House Republicans’ “Plan B” to avert the “fiscal cliff” came crashing down Thursday night after party leaders realized they didn’t have the votes to pass it, and pulled it from the floor — leaving the country poised on the edge of massive tax increases and spending cuts.
House lawmakers are now headed home for Christmas, though they vowed to return if there is any progress on talks.
But the collapse is a serious blow to House Speaker John A. Boehner, who had hoped to gain leverage in his negotiations with President Obama, and it signals that conservative Republicans are unwilling to stomach any rise in marginal income-tax rates — even on those making more than $1 million, which was Mr. Boehner’s plan.
“The House did not take up the tax measure today because it did not have sufficient support from our members to pass,” Mr. Boehner said in a statement. “Now it is up to the president to work with [Senate Majority Leader Harry Reid, Nevada Democrat] on legislation to avert the fiscal cliff.”
But the White House signaled a willingness to move forward together after Mr. Boehner’s failure.
“The president’s main priority is to ensure that taxes don’t go up on 98 percent of Americans and 97 percent of small businesses in just a few short days,” said press secretary Jay Carney. “The president will work with Congress to get this done.”
On Capitol Hill, though, Democrats said Mr. Boehner wasted a week’s worth of negotiating time by trying his Plan B — particularly since Mr. Obama had already threatened to veto the bill and since Mr. Reid, the top Democrat in the upper chamber, had said he wouldn’t even bring it to his chamber’s floor for a vote.
Both Mr. Boehner and House Majority Leader Eric Cantor had vowed earlier in the day they had the votes to pass their plan, but as the evening dragged on they halted floor action to huddle with their caucus and see where support was.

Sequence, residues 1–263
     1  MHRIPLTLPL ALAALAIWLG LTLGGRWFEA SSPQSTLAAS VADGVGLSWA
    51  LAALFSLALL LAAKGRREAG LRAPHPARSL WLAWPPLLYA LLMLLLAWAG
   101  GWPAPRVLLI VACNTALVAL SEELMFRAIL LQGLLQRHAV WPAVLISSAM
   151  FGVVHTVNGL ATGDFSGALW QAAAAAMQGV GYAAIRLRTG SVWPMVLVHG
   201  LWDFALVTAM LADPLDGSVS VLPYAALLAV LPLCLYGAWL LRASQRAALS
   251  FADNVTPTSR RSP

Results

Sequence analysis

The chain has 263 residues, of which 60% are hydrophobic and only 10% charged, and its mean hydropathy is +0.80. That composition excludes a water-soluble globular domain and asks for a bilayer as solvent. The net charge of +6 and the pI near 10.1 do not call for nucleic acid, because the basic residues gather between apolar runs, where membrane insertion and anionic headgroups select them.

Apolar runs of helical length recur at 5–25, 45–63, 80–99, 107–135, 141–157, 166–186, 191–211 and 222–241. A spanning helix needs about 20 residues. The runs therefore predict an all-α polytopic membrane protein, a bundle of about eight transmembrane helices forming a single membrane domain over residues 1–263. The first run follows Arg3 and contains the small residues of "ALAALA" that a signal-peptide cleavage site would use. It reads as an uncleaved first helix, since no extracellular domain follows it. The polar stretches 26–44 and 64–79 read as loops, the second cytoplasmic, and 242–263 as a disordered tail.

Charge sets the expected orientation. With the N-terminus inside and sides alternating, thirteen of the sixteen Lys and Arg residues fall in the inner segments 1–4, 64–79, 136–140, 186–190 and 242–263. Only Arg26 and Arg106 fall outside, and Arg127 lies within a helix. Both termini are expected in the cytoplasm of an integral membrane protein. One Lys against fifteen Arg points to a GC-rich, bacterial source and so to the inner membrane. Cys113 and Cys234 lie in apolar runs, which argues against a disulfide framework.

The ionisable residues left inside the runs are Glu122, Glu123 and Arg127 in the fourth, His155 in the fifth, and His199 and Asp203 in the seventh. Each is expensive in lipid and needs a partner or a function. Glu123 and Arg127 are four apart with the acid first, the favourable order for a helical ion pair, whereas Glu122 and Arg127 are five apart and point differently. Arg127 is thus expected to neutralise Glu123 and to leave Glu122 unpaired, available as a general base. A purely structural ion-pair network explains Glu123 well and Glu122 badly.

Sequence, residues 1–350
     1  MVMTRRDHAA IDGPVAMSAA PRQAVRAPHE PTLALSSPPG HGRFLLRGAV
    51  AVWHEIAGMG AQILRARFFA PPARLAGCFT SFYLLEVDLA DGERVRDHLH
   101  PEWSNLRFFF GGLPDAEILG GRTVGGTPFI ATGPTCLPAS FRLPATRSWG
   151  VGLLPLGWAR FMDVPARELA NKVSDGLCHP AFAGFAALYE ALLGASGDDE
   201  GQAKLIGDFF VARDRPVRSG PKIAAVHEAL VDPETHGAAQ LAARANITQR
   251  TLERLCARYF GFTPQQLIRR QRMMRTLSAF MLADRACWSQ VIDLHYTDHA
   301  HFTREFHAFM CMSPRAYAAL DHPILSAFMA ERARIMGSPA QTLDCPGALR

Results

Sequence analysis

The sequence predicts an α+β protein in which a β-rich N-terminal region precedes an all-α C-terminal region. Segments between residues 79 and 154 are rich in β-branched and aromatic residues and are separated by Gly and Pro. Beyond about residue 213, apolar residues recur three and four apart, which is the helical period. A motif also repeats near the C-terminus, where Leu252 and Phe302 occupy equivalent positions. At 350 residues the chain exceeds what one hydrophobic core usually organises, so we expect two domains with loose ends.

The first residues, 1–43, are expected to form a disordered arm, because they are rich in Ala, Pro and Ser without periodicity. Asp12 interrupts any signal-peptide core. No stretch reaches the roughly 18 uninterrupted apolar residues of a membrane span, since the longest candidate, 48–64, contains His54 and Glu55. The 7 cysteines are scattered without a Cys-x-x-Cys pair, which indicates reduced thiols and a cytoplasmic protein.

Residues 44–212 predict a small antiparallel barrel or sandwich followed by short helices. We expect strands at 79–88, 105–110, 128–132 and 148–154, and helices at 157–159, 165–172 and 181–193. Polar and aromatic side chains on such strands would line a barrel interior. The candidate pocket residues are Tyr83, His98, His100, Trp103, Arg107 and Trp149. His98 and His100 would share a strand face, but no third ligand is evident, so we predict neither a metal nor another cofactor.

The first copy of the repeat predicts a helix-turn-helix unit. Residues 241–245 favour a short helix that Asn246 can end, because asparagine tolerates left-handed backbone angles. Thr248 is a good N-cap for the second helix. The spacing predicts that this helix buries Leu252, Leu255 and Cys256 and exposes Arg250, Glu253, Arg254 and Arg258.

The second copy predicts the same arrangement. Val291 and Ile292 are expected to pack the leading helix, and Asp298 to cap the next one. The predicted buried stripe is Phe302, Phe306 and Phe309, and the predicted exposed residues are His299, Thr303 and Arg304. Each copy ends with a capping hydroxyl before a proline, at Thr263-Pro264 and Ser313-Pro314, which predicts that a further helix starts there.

Some Republicans had argued for the deal.
“A lifeguard who sees 10 swimmers drowning off his beach, if he can only save nine of them, that doesn’t mean he’s drowned the 10th one,” Rep. Tom McClintock, California Republican, said on the floor. “Let’s save who we can.”
But too many others said they couldn’t vote for any tax-rate increases, and that forced Mr. Boehner to concede.
Emerging from the meeting, rank-and-file lawmakers said Mr. Boehner told them he will call Mr. Obama and try to work something out. But publicly Mr. Boehner was defiant, saying that the House has already passed bills earlier this year to avert tax increases and spending cuts.
Democrats, though, countered that they’ve also passed a bill through the Senate that extended tax cuts for all but those making $250,000 or more, and insisted Mr. Boehner should vote on that.
“Until you pass the 250,000, we are not going to do anything,” Mr. Reid said.
The tax increases, scheduled to take effect Jan. 1, are the result of the expiration of Bush-era income tax cuts and several Obama tax cuts passed in 2009 and 2010. The $110 billion in spending cuts, slated to go into effect Jan. 2, are the legacy of last year’s debt-ceiling deal.